Image via WikipediaPoila Baisakh is a major celebration and the first day of Baisakh remains a holiday in Kolkata.
The first month of the Bengali calendar, Baishakh, marks the beginning of the crop cycle in Bengal. The first day of this month is called Poila Baisakh is celebrated as the Bengali new year. Chances are, if you step into a shop in Calcutta on this day, you'll be offered sweets and maybe the odd gift or two. Traders start the new year by inaugurating new accounting books.
It is considered the most auspicious month for marriage, the most auspicious month for undertaking any business venture and it is also the month when all agricultural production process begins. Bengali’s think that any child born in this month would acquire all the qualities of being a prodigy. No wonder, the great Rabindranath Tagore, was born in this month. Rabindranath was born on the 25th of Baisakh.
On that day, people wear new dress and go about socialising. The houses are thoroughly cleaned and freshly painted. People decorate their houses to welcome the New Year and the season of flowers. Women make elaborate rangolis on the ground near the entrance to their house. Beautiful designs are drawn with the help of a paste made of rice flour and rows and rows of houses with intricate patterns in front of them make a pretty picture. Cultural programms are held, sweets are distributed and greeting are exchanged.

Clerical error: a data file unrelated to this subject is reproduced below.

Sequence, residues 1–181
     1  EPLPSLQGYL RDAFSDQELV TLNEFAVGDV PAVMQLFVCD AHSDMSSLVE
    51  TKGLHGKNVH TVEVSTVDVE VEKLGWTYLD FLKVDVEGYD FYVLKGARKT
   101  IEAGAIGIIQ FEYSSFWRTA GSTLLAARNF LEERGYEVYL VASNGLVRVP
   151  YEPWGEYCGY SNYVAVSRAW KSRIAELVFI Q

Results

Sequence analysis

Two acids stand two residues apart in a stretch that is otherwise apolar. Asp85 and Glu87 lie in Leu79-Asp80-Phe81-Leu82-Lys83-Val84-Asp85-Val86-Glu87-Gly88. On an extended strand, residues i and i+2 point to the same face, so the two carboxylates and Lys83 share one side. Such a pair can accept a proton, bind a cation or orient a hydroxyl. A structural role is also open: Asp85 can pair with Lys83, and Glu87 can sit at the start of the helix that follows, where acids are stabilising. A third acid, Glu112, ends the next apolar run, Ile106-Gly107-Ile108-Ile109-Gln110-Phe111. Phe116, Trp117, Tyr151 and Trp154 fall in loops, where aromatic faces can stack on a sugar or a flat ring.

Special prayers are held for the welfare of the family. Procession called ‘Prabhat Pheri’ is held early in the morning to welcome the New Year. Women dress in white saris with red borders while men wear ‘dhoti’ (loincloth) and ‘kurta’ (shirt) to take part in the procession. Cultural programs are held.
In global terms its a Bengali New Year and just like Valentines Day,
, Friendship Day and ofcourse X Mas and New Year. Every other retail outlet seem to be making the most of it.
While some have made a mix and match of tradition and change, others have caught the mood of the times with band music, CD launch etc. And not to be missed are the lavish food fares at star hotels with a mad rush for bookings.
Celebrities add to the fun, say for instance Manthan invited Chiranjeet and Papiya Adhikari, to flag off their specail Poila Baisakh spread. Tanushree Shankar, who participated in one such event at a city mega store, believes there's nothing wrong in the new trend.
"Its one way to keep the spirit alive. In an age where the youth identify with glamour and glitz we must cater to their tastes. Its one way to ensure their involvement in Bengali festivals just like
or X Mas."